So five smacks of the wand to The Roundabout Theater and Director Scott Ellis – you had a chance to be a leader, and embrace Diversity in a show where it is part of the plot, and you chose not to. And if you still do not see what effect the casting of a Broadway show can have, what the trickle down is, then please go and re-read that line from the Bunty Berman Presents Breakdown.

And you know what?



A Statement just released by AAPAC:

Visit our website:

AAPAC Opposes Brownface in Roundabout Broadway Production

After seeing The Roundabout Theatre Company’s Broadway production of “The Mystery of Edwin Drood” and receiving numerous complaints about the use of brownface in the production, AAPAC feels it is necessary to release the following public statement:

We were deeply disappointed to see white actors impersonating characters of South Asian descent complete with brown grease paint, appropriation of costumes and dance movements and relying on stereotypes in place of characterization.  The obvious talents of the actors notwithstanding, the use of brownface had the effect of being extremely surreal and alienating, as if a joke was being told that was not intended for the Asian American community to hear.

We understand that the racism inherent in this musical is a reflection of the social mores within 19th century British panto and Music Hall traditions.  Director Scott Ellis was being true to tradition, historical precedent, and to the story itself.

However, we would assert that if these characters came from the British colonies of Jamaica or Cameroon, and not the British colony of Ceylon (now present day Sri Lanka), blackface would never have been utilized in the same casual way.  Today, you would never see a white actor in blackface playing the title role in “Othello” with the excuse of, “oh, well, that’s what was done in Shakespeare’s day.”  We wonder why minstrelsy is acceptable when it comes to Asians?

The Roundabout production seems to show little awareness of the long history of Asian impersonation we are trying to put behind us or how racial politics and demographics have changed even in the 28 years since this show first premiered.  There were a myriad of ways Mr. Ellis could have handled this issue with more sensitivity.  For one, he could have hired actors of actual South Asian descent.  Or, if he wanted to preserve white actors in these roles, the use of brownface would have been more ironic or satirical had the entire ensemble been cast multi-culturally.  This would have been particularly effective since Hispanic-American star Chita Rivera was already in the cast.  However, we have heard from quite a few members of the Asian acting community, including those with major Broadway credits, that requests from their representatives to secure an audition were denied.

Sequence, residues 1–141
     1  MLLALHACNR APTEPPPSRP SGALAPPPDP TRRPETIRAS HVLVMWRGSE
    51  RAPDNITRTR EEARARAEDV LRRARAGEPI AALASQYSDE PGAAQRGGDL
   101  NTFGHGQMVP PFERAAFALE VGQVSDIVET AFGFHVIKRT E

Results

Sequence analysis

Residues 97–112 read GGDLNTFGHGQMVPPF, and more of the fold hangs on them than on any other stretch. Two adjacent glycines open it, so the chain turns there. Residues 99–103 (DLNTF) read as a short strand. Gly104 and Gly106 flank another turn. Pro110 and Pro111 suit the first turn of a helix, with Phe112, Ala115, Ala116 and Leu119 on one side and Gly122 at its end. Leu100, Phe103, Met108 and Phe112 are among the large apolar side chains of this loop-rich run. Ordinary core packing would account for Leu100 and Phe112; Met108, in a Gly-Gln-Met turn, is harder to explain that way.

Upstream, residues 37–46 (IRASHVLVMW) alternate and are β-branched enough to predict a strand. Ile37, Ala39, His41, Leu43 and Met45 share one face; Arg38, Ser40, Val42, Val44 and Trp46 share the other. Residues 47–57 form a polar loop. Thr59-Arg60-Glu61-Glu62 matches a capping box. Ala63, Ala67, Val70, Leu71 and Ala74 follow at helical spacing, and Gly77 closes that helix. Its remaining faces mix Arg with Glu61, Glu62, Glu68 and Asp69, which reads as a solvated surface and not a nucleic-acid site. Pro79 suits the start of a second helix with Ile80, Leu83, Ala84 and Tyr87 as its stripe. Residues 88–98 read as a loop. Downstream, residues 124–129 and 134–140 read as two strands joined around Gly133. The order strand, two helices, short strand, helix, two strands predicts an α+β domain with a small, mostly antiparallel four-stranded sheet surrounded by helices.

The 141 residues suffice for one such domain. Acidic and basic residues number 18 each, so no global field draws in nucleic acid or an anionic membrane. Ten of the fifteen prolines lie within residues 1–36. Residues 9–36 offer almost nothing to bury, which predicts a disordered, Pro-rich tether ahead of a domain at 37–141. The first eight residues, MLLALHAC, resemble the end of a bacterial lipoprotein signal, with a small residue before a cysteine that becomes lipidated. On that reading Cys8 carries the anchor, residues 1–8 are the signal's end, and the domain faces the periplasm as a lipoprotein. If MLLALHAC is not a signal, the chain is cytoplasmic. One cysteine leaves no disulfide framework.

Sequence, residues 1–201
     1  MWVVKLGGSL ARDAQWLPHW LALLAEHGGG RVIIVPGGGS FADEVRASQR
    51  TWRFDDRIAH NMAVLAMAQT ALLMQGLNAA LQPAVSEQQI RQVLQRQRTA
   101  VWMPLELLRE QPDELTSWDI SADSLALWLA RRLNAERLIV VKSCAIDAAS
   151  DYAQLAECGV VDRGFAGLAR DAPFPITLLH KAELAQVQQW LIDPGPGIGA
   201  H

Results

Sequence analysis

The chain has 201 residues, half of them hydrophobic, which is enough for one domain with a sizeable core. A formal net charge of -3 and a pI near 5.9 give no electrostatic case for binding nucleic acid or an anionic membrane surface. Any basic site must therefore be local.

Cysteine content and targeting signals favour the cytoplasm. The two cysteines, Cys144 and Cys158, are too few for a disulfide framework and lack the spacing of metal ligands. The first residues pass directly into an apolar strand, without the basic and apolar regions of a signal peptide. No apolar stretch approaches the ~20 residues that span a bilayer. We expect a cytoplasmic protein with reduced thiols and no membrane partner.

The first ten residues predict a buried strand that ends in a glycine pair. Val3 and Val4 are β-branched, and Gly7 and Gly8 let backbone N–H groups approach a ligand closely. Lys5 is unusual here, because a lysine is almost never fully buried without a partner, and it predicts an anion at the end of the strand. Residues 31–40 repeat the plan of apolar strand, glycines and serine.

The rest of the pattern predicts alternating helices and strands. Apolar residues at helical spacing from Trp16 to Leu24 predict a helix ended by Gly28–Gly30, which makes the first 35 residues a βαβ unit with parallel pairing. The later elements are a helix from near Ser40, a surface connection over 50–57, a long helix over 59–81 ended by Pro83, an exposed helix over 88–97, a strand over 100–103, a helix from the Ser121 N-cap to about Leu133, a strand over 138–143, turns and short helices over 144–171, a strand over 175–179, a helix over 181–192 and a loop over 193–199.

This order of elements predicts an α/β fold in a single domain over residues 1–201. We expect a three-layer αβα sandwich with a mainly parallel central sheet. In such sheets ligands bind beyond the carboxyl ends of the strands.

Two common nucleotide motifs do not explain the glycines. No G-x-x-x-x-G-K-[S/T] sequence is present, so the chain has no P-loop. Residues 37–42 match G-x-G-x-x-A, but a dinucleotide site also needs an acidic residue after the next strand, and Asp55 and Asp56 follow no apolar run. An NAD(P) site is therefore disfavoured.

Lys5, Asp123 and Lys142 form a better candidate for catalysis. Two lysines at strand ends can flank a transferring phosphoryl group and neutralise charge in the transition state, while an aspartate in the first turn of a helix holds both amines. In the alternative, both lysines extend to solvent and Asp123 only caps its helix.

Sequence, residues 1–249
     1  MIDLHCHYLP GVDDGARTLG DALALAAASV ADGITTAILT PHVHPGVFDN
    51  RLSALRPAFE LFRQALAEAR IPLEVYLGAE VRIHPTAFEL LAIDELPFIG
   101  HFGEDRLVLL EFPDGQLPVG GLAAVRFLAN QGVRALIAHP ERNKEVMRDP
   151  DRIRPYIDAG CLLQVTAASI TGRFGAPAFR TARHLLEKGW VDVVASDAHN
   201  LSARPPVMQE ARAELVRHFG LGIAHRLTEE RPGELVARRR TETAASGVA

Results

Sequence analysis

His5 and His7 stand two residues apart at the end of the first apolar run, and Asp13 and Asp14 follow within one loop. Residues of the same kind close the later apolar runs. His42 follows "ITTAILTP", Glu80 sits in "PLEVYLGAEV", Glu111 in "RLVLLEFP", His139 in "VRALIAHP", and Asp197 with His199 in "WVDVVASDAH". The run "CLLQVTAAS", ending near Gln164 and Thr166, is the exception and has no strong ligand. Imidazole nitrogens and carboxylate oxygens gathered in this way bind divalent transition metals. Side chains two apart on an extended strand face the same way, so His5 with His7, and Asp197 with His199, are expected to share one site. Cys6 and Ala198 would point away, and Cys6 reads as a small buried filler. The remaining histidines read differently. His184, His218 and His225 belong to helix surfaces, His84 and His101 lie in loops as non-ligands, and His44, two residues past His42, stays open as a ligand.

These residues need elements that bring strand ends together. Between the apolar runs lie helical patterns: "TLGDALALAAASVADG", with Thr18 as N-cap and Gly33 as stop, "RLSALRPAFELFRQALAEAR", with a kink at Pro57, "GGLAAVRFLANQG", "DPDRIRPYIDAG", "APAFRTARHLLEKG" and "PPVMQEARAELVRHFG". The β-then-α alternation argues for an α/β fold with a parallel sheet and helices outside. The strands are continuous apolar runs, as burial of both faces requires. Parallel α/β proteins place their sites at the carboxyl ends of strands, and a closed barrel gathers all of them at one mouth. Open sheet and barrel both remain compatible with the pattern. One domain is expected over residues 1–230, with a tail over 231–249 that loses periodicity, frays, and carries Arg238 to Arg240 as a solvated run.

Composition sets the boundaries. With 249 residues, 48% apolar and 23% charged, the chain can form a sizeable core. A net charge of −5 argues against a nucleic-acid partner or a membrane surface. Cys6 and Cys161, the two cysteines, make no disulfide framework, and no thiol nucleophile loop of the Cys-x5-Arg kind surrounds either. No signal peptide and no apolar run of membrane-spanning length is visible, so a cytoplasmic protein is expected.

The Roundabout Theatre Company does not have a good record when it comes to inclusive casting.  Last year, we released a report looking at the percentages of actors of color hired at 16 of the top not-for-profit theatre companies in New York City over a five year span.  The Roundabout made our list of the five theatre companies least likely to hire actors of color.  In fact, they ranked second to lowest.

We are reaching out to the Roundabout to engage in closed-door discussions about these issues and are hopeful that they will accept our invitation.  We are certain that their record does not reflect a conscious policy of exclusion and we hope that by bringing these issues to a more conscious level, the Roundabout can become an ally in an industry-wide commitment to more inclusive casting.

In the meantime, if you feel as strongly as we do, it would be very helpful if you take two minutes to send Artistic Director Todd Haimes a short missive via their FB page:

Until there is conscious attention given to these issues throughout the industry, opportunities for American actors of Asian descent–and all actors of color– will never be truly equal.

Yours in Solidarity,

The AAPAC Steering Committee

Pun Bandhu, Cindy Cheung, Kimiye Corwin, Angel Desai, Siho Ellsmore, Christine Toy Johnson, Peter Kim, Julienne Hanzelka Kim, Nancy Kim Parsons, Kenneth Lee, Allan Mangaser, Eileen Rivera



Thank you for your post. Listening to our audiences is at the core of Roundabout’s values, so we appreciate all feedback and take it very seriously.

Roundabout’s leadership team is planning to meet with Asian American Performers Action Coalition to discuss their concerns. In the meantime, we will refrain from further comment here on Facebook, and look forward to a constructive meeting.